Joshua Reynolds (1723–1792) was determined to elevate the status of British painting to that of the great masters of the Renaissance, and one of the ways in which he did this was to infuse his portraits with the grandeur and heroic idealism of the highest form of painting at the time, history painting. In his series of lectures, Fifteen Discourses on Art, Reynolds promoted the idea that contemporary British painters should paint in the “great style” of the old masters. His enormous, full-length portraits, such as Portrait of Jane Fleming, Countess of Harrington (1778) and Lady Sarah Bun-bury Sacrificing to the Graces (1765), incorporate classical elements such as sculpture, vases, and architectural elements into the background to give his paintings an element of antiquity. In the latter portrait, Lady Bunbury is depicted as a Roman priestess with her long Roman dress banded at the waist and pinned to the shoulder. As Lady Bunbury makes an offering to the Three Graces, her friend Lady Susan Fox-Strangways kneels beside her. Reynolds has elevated this aristocratic portrait to a symbolic, meaningful painting that inspires reflection on female friendship and beauty.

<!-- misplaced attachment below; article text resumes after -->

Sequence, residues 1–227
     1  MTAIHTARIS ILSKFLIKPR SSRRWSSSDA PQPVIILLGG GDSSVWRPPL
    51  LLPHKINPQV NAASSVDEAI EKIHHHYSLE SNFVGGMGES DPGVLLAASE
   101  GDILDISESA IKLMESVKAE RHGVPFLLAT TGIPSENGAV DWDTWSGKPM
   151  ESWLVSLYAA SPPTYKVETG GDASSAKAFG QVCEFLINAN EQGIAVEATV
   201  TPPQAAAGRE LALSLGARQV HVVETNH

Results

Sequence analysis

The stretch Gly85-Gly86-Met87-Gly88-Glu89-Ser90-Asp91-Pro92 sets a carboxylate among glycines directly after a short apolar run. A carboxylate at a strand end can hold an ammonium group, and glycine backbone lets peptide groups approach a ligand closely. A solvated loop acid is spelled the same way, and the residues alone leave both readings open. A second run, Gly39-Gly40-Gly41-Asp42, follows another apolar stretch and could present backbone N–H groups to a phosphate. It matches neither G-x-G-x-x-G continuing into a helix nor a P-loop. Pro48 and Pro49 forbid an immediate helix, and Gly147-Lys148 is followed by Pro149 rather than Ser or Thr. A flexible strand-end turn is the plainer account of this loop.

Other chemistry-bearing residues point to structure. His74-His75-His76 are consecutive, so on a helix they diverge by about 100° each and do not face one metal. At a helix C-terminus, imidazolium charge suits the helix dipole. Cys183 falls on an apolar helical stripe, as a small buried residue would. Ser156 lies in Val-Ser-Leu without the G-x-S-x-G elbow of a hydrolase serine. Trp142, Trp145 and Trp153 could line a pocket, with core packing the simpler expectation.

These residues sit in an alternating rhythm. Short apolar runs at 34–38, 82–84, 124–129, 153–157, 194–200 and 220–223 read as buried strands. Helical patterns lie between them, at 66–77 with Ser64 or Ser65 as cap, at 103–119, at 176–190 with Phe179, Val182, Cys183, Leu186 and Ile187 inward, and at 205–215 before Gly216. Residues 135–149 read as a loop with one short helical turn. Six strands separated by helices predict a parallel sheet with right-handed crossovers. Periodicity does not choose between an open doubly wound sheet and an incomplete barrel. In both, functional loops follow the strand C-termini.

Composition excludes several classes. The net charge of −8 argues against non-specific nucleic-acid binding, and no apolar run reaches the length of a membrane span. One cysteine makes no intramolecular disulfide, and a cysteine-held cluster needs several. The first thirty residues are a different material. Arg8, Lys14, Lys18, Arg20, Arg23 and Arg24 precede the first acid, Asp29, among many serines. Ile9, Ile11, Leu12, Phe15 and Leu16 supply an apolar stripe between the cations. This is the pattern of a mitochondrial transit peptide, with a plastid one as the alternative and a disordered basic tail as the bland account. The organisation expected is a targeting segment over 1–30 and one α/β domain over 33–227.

The British painter Joshua Reynolds infused this portrait of Lady Jane Halliday with aristocratic poise (1779). Reynolds was interested in elevating the status of British art through his portraits.